Saturday 19 December
In the New York Times at breakfast I spot an advert for a smart gents’ clothing chain having a one-day sale on the basis of ‘buy one get 2 free’ across its range. So guided by the hotel’s concierge I quickly locate the Madison Avenue branch and select some pairs of trousers to try on. Returning from the briefest foray out of a changing room to pick a different size, I find the door locked and an elderly Puerto Rican man inside with my coat, shoes, bag and belongings. I bang on the door and order him out and, in a line which is pure Karen Walker from Will and Grace, instruct him not to leave the store till I’ve checked my wallet.
I then neatly fold the stuff HE’s left in there and put it outside the door, finish my trying on and when I take my selection to the till am met by his lumpen wife, scowling and muttering disapproval at the way I evicted him. The attitude of native New Yorkers is quite infectious and I’m not sure if I’m surprised or faintly proud to hear myself ask her in a Bronx accent if one of the things she’s wanting for Christmas is a fat lip.
I meet my Baltimore friends Curt, Tom and Steve for lunch, and we’re joined by their friends Tim, Troy and Zach for our outing to A Little Night Music – sadly David was deterred by the snows, so we have a spare eighth ticket and there is a momentary frisson when we learn that Zach, who is an opera singer, has offered it to Renee Fleming.
Renee, it turns out, can’t make it and Curt sells the spare ticket to someone in the queue. There’s quite an air of ‘perpetual anticipation’ in the theatre, and for once even I feel it. The staging is the same as the production at the Menier Chocolate Factory in London and even the transition from a 200-seat initimate basement to the 1800-seat Walter Kerr theatre hasn’t damaged it. If anything, the sound’s better and the balance between the small orchestra and the cast has improved. The entrances of Angela Lansbury and Catherine Zeta-Jones are applauded, but not so much as to unbalance the piece.
Lansbury is outstanding, playing Madame Armfeldt as a richly alert observer of the ways of the world, and entirely credible as a past consort of dukes and princes. She finds all the comedy in the role but also the pathos at the end when she realises the significance of what she lost by abandoning her first love is very warm and real. She outshines Maureen Lipman as daylight doth a lamp.
Catherine Z-J isn’t half bad, either. She looks stunning, the high-waisted gowns and piled chestnut chignon suiting both her newly toned figure and her heart-shaped face, she has almost regained some of the wistful beauty of her early days in ‘The Darling Buds of May’. Like Lansbury, she’s far better at the comedy than the singing: her Desiree is coarser and less ladylike than Hannah Waddingham’s and she’s more believable as an old mate of Fredrik’s rather than as the love of his life. Although she sings carefully, she’s not fully in control and loses many of the word endings.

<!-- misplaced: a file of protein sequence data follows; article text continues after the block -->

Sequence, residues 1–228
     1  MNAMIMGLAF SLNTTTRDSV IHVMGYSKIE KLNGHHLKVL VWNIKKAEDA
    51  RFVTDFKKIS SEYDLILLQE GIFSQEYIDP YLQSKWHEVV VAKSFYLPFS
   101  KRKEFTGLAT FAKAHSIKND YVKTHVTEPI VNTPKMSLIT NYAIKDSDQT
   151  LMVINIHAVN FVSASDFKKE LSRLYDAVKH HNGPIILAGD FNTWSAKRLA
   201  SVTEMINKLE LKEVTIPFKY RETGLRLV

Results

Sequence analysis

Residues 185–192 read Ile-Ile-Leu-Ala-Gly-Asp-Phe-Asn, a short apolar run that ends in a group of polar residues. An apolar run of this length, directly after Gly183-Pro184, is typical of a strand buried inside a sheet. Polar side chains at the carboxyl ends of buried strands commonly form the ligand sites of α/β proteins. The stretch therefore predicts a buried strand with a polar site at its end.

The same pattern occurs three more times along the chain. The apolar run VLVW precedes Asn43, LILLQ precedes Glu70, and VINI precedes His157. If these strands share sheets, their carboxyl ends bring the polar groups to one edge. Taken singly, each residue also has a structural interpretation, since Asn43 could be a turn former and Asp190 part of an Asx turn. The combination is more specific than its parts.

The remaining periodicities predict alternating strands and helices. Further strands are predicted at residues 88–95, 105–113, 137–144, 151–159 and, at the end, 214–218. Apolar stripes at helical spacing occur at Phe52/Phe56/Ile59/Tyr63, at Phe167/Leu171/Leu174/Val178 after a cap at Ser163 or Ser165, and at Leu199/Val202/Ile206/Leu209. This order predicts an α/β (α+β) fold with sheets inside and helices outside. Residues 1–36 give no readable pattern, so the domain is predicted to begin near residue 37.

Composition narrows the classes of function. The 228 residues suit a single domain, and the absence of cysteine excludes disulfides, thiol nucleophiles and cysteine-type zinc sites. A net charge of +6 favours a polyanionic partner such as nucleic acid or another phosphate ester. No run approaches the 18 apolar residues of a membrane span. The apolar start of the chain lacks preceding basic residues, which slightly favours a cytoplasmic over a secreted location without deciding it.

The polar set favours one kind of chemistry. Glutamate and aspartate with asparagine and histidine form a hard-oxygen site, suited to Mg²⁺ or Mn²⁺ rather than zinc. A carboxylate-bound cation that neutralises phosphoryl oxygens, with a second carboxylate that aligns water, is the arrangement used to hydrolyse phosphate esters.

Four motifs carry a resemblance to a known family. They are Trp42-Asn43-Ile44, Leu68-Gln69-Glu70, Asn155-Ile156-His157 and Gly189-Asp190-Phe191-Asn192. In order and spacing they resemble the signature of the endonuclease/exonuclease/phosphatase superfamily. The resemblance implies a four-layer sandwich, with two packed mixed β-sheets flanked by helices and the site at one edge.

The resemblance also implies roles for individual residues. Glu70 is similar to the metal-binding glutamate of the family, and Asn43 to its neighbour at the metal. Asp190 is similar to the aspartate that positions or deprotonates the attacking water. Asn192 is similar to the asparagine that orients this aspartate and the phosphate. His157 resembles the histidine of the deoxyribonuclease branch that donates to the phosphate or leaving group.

This is quite a gay audience – at interval, the queue for the men’s room is actually longer than the ladies’ - and there’s a real theatrical moment in the second half. The orchestra plays the first bars of ‘Send in the Clowns’ a few lines before she sings it, and there’s a ripple of anticipation as people think ‘here it comes ...’. At that exact moment, a woman about eight rows up in the Mezzanine unwraps a boiled sweet and with the most perfectly executed snap head-turn Broadway has ever seen, two hundred gay men swivel to stare at her as if to say ‘Of all the times you could do this ...’
The rest of the cast are more than adequate with the exception of a new-to-Broadway actress playing the virginal Anne who just isn’t up to standard. Leigh-Ann Larkin, so good as June in the Patti LuPone ‘Gypsy’ is outstanding as the provocative maid Petra, and her version of ‘I Shall Marry The Miller’s Son’ gets thunderous applause. We come out in high spirits, and celebrate variously with cocktails in Blue Fin, a brief chat with Catherine as she comes out of the stage door to welcome some cousin of hers from back home, and taking excited photographs of each other as the snow starts to fall. Sometimes, New York really is magical.
We’re invited to a drinks party at the Chelsea apartment of former TV anchorman Chris O’Donoghue who accompanies us to dinner in his wheelchair, an adventure in itself in the whirling snow, but a positive Winter Olympics event when we emerge from the restaurant into a full-on blizzard. Abandoning plans to meet friends in yet another bar in Chelsea because of the weather, Tim, Troy and I share a hilarious ride up an un-gritted Park Avenue in a yellow cab whose windows are totally iced over and no-one, not even the driver, can see where we are going. If we’d been sober, I think we’d have been genuinely scared but I am immensely relieved to reach the entrance of the hotel.
I do a bit of re-packing and start feeling genuinely excited about tomorrow. I may delete this later but the truth is I even did a little happy dance before going to bed.